01 November 2021

Danny Done, managing director of Portfolio Payroll, provides detail around the new entitlement to leave available to working carers

The government has confirmed its intention to introduce carer’s leave as a new statutory employment right. This will allow employees with caring responsibilities to take time off from work to focus on the person (or people) they care for. Carer’s leave entitlement will be as important as all other time off employees currently get. For example, maternity leave, shared parental leave, annual leave and time off for dependants.

Carer’s leave will be a day one right for all employees, meaning there is no minimum amount of service required before staff can request it. Eligible employees can take up to one week (five working days) of leave per year. The leave can be taken flexibly, either in individual or half-days, up to a block of one week.

There is no obligation for employers to pay those who are on carer’s leave – the statutory entitlement is unpaid for eligible employees, but organisations have the option of offering contractual pay. Details of this should be outlined in the employer handbook and communicated with staff. It is important that any enhanced payments are offered consistently, ensuring all staff are treated fairly and equally. Doing so minimises the potential risks of constructive dismissal or discrimination claims.

The right will only apply to people with employee status, so workers and self-employed individuals will not be included. These employees must be unpaid carers, and the person they provide care to must be someone with a long-term care need. For example, a person with a long-term illness or injury covered as a disability under the Equality Act, or issues relating to old age and terminal illness. The relationship between the employee and this person will follow what is already in place for the right to time off for dependants. Namely, a spouse or civil partner; child; parent; person who lives in the same household (but is not a tenant, lodger or boarder); or a person who relies on them for care (i.e. an elderly neighbour).

There is no set date for the entitlement’s implementation. However, the government’s consultation response document outlines that legislation will be introduced to make carer’s leave a statutory right as soon as Parliamentary time allows.

Whilst this new legislation is very similar to what is already available for time off for dependants, carer’s leave is a brand-new entitlement that employers need to factor in as an additional type of leave and know how it should be managed. Organisations should consider providing additional training to their managers and human resource (HR) teams, and be prepared to update policies and procedures and then communicate these changes with the workforce. They will need to assess how requests for carer’s leave will be submitted and approved, review staffing levels to ensure there are enough people in place to cover those who go off on carer’s leave and implement systems to manage carer’s leave.

Managers already aware of employees with caring responsibilities should consider that they may request unpaid carer’s leave, so should be prepared to accommodate it.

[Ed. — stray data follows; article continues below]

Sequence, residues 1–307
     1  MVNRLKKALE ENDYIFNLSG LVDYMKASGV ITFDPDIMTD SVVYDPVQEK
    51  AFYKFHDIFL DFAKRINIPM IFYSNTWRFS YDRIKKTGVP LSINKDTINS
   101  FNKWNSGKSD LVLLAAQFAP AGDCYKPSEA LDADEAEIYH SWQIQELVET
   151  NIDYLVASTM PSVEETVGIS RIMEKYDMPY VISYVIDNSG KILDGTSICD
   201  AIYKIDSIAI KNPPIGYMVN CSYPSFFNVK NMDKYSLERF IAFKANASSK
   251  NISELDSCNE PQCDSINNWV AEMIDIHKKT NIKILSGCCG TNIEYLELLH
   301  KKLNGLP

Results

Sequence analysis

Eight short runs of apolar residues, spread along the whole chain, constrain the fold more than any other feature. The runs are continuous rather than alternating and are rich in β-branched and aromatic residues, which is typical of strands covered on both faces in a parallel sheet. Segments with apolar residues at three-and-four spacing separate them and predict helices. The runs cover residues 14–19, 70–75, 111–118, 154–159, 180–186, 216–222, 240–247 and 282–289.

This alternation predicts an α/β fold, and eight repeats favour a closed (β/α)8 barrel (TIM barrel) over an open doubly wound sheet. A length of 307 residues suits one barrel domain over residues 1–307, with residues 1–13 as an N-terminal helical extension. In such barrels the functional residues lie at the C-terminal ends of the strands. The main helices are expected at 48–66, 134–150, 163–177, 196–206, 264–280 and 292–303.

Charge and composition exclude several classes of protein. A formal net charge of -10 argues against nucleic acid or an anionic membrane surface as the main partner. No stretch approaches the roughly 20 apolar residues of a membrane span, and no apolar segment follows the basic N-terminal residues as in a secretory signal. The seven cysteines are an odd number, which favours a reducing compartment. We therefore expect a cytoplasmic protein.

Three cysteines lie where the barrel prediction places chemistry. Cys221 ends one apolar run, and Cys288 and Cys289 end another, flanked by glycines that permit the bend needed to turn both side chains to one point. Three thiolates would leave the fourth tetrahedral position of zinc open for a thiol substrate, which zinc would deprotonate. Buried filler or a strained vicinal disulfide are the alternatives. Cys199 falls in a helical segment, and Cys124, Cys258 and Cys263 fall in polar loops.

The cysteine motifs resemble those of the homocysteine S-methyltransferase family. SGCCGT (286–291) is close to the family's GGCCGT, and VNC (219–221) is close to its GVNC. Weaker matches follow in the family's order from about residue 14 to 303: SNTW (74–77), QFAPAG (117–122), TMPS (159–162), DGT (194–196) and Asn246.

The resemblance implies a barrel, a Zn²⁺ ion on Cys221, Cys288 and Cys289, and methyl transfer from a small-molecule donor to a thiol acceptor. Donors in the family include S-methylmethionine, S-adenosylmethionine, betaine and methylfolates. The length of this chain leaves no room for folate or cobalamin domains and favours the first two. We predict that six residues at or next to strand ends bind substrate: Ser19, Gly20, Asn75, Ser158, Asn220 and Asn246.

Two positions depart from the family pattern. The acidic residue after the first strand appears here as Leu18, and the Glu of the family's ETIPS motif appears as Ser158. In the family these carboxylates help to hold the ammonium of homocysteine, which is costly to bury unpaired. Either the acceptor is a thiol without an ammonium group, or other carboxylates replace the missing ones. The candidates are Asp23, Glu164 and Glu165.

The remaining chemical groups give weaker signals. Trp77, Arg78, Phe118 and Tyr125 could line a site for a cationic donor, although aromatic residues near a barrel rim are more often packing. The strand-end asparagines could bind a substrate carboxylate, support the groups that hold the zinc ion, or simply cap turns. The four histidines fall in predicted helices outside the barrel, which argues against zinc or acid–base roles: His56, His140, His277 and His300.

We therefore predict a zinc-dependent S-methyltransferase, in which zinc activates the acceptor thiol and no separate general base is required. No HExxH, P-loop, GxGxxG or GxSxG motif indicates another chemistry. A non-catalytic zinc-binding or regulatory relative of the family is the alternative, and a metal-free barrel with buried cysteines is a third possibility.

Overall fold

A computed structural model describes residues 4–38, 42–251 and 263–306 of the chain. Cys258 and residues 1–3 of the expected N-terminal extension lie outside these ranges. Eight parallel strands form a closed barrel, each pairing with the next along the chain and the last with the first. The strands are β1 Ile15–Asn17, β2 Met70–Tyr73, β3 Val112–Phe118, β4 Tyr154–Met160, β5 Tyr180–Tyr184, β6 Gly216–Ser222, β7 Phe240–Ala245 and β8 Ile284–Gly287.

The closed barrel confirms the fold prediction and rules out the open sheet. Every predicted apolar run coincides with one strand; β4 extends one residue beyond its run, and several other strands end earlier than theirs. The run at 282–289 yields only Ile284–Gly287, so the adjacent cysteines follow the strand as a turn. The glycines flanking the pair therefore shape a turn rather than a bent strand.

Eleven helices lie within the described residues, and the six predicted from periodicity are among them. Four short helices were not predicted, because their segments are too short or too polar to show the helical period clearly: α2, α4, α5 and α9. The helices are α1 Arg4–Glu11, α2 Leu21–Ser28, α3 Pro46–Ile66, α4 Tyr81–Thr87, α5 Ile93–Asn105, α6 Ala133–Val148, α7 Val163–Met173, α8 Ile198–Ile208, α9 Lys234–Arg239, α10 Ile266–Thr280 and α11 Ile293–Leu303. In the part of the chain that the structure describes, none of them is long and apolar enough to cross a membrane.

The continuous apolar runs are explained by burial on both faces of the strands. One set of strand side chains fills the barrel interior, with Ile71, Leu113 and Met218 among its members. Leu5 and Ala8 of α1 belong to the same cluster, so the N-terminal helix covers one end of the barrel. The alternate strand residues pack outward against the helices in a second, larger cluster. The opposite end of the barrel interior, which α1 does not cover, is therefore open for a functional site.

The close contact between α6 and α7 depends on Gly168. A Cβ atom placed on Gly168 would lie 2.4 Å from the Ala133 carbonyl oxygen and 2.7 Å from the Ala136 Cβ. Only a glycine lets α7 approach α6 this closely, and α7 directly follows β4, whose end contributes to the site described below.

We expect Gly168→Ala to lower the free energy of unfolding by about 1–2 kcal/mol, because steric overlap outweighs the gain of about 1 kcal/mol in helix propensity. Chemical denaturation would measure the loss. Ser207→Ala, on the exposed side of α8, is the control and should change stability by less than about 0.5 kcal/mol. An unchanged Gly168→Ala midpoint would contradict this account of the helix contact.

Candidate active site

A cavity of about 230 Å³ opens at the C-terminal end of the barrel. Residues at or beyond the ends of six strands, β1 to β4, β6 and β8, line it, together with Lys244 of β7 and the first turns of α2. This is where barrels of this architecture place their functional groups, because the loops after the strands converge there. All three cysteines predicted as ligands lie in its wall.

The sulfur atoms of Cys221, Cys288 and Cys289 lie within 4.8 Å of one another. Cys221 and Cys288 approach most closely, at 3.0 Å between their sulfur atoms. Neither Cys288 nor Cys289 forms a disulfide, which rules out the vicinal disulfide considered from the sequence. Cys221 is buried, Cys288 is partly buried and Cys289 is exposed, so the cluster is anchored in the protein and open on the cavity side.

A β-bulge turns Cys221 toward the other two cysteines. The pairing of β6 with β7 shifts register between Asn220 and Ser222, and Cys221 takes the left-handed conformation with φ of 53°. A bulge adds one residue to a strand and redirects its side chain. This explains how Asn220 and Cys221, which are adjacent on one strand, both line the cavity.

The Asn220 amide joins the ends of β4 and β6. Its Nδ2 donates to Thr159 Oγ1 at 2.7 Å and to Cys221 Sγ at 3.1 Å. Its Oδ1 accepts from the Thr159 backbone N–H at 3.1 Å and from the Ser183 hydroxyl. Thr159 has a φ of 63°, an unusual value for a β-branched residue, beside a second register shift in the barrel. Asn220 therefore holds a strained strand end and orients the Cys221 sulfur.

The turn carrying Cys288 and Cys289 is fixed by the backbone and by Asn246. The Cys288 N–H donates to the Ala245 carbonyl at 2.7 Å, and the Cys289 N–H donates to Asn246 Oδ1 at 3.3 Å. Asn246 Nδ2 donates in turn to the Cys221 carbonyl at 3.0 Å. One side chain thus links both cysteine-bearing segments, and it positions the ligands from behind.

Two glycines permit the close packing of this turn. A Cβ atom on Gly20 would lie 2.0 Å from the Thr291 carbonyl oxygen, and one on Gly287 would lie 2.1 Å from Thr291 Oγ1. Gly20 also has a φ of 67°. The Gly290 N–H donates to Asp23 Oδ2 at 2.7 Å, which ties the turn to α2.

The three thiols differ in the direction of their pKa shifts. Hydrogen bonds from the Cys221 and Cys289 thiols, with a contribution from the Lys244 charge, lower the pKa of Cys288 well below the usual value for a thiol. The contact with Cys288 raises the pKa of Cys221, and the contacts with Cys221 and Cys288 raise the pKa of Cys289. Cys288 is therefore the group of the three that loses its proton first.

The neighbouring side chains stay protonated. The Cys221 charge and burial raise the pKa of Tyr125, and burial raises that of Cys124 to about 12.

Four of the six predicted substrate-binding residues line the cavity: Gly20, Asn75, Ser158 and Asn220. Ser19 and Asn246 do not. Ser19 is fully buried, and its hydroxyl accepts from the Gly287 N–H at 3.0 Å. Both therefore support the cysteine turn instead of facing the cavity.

Refusing carer’s leave or failing to comply with the new statutory entitlement could lead to costly tribunal claims for organisations. As well as breaching employees’ statutory rights, there could be the risk of discrimination (including associative discrimination) claims if the employee is placed at a detriment for needing to take carer’s leave. Associative disability discrimination claims can be made when an employee is treated unfavourably due to their relationship with someone who has a disability. There could be an increased risk of constructive dismissal claims if the employee feels that they can’t work somewhere anymore because their employer refuses the leave.

Carer’s leave shouldn’t be included in absence triggers for disciplinary action. Doing so could further increase the risk of tribunal claims. But it’s important that employers keep track of how much carer’s leave an employee takes, to make sure they don’t exceed their entitlement of one week per year. Managers with grounds to believe their employee is unreasonably requesting or taking carer’s leave can discuss their concerns with them, and subsequently decide what action to take. Placing someone at a detriment, including giving them a warning or dismissing, can lead to unfair dismissal and discrimination claims. However, if a full process has been completed and there are unsatisfactory explanations for utilising statutory carer’s leave, employers can follow their usual disciplinary policies to determine the best outcome.

In situations where statutory carer’s leave is not appropriate to use – for example, if the person only has a short-term care need, or does not meet the definition of a dependant – organisations should not automatically rule out other types of leave.

Time off for dependants can be used in emergency situations, or compassionate leave can be used to allow employees to be with those who are seriously ill or injured, without having a wider involvement in providing their care. If the need for the leave does not fall into any formal categories, employers should be reasonable in authorising unpaid leave to support staff. Doing so helps reduce the risk of unplanned and long-term absences and contributes towards increased retention, motivation and productivity. 


Featured in the November 2021 issue of Professional in Payroll, Pensions and Reward. Correct at time of publication.